Information Over Prior Education
The next section in this form goes into your student’s educational status. First, they will ask what your student’s High School completion status is when they begin college. For most of you it’s going to be the High School diploma option, but there is also an option for GED and homeschooled students. Pick the option that describes your student’s prior education.
Next up they will ask what college degree or certificate your student will be working towards when they begin the school year. For most students filling out the FAFSA form, they will be working for their first bachelor’s degree. There will also be some questions over whether your student has gone to college before and if they will have their first bachelor’s degree when they begin the next school year. This is fairly straightforward, but make sure to choose the option that describes your student’s path.
Lastly, they will ask which college grade level your student will be entering into. For most students, it will be their first year. If your student had previously attended community college, they will also fall into the first year grouping, but make sure to pick the associates degree for the previous college experience question that was asked above.
Work Study Program
The question over your student’s interest in the work study program is very important. The work study program is federal financial aid that gives you an on-campus job at whatever institution you end up attending. This job would be paid for through federal financial aid dollars. While the job is administered by the college you end up enrolling in, it’s paid for by financial aid.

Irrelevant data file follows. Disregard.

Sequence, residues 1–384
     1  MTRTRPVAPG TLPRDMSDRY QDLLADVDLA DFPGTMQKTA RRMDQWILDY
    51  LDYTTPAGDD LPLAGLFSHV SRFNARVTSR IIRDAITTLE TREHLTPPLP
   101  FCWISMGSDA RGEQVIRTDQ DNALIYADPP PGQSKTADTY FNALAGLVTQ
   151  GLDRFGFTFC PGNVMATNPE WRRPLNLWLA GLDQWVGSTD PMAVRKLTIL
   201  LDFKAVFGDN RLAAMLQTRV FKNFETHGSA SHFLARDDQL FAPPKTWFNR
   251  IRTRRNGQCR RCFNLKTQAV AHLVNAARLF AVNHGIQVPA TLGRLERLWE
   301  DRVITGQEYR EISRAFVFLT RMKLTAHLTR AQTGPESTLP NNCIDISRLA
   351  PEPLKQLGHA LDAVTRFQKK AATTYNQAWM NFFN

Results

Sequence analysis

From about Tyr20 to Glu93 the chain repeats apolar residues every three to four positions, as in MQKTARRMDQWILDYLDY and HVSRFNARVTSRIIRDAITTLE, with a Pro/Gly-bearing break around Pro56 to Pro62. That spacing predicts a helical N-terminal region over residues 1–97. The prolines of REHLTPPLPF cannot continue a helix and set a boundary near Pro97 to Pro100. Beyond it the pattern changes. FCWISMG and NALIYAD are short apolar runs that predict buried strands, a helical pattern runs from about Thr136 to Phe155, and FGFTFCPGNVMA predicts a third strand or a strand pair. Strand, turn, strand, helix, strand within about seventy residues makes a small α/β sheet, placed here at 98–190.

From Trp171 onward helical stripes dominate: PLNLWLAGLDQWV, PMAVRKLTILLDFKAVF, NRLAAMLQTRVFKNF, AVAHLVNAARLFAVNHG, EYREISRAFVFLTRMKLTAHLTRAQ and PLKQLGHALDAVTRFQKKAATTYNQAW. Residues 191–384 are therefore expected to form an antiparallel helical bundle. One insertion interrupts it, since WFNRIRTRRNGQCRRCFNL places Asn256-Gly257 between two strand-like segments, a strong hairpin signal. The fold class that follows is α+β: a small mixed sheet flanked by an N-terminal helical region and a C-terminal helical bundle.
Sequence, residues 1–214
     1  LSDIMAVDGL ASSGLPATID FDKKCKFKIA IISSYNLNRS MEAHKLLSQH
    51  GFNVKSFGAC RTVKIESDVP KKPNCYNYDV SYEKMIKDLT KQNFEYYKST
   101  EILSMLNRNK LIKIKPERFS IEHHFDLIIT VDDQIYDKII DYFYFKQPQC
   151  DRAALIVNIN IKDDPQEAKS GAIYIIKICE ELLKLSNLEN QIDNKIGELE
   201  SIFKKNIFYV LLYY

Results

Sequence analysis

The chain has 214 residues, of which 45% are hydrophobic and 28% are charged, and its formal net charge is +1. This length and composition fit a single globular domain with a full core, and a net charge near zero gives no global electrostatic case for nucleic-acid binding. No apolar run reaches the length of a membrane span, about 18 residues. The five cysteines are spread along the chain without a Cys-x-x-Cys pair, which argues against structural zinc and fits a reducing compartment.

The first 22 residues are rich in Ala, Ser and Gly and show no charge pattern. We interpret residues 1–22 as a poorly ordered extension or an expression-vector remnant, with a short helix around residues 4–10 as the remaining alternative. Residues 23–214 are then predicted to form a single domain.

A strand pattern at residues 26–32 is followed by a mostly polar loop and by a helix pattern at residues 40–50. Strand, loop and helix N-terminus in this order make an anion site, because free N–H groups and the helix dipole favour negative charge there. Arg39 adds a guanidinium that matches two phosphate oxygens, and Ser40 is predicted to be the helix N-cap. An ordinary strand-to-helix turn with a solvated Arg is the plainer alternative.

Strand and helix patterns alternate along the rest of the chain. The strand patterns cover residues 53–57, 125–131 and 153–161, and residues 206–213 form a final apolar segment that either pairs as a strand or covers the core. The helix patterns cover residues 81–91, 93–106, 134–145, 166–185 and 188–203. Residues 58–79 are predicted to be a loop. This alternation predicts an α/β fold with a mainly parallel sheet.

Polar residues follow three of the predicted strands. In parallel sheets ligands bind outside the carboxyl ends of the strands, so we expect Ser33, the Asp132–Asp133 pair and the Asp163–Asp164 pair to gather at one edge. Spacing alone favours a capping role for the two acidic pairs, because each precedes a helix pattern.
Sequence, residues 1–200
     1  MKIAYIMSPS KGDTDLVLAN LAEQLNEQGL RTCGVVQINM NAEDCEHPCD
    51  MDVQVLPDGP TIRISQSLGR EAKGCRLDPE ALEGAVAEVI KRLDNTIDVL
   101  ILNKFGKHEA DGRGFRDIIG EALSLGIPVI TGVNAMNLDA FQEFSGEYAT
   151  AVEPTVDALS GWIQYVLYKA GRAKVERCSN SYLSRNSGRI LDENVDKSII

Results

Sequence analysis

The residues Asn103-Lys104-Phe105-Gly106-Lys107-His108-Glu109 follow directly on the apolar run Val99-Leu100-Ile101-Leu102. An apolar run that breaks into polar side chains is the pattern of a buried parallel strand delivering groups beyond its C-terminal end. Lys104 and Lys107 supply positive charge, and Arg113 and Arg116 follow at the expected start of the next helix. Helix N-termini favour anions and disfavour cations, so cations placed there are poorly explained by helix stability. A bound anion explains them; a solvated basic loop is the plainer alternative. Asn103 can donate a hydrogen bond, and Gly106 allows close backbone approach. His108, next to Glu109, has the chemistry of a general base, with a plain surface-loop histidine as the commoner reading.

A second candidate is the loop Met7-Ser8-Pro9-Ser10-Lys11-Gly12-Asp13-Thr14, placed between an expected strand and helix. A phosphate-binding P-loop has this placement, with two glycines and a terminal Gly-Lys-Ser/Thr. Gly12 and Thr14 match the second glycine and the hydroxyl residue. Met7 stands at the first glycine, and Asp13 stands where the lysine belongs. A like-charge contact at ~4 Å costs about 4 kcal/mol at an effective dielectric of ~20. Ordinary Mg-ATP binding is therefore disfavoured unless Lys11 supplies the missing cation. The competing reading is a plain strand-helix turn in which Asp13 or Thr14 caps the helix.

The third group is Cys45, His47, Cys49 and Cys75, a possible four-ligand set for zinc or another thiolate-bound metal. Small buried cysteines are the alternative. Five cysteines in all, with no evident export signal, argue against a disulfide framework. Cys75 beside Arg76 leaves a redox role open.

If you want to be considered for work study, you want to select “yes” for this question. It is important you make the decision here because you won’t be able to change your answer until next year’s form.
Military Draft Status
The last question you’ll get is about your student’s sex assigned at birth. It is important to know that this is your student’s sex, not gender. The only options here are male or female. While the federal student aid hasn’t quite caught up in terms of inclusivity, they ask this question to find out information over your student’s enrollment in the selective service system, which is the military draft. If you answer “male” for this question, another question will pop up asking if your student has registered for the selective service system. Males between the ages of 18 and 25 are usually required to register for the draft. For this question, you either select yes or no. There is no upside or downside for this in terms of financial aid.
The next couple questions will be over your student’s driver’s license. If your student doesn’t have one, you can leave this section blank.
One thing to keep in mind when filling out the FAFSA is to ensure your student’s information matches the information they filled out in their common app or on other college applications. This is something the FAFSA form looks for. If there are minor inconsistencies, it might not be the end of the world, but you don’t want to find yourself in a position where you have to defend any mistakes made. For a more in-depth guide over the entire FAFSA application, check out our article: The Ultimate Guide to Filling Out the FAFSA.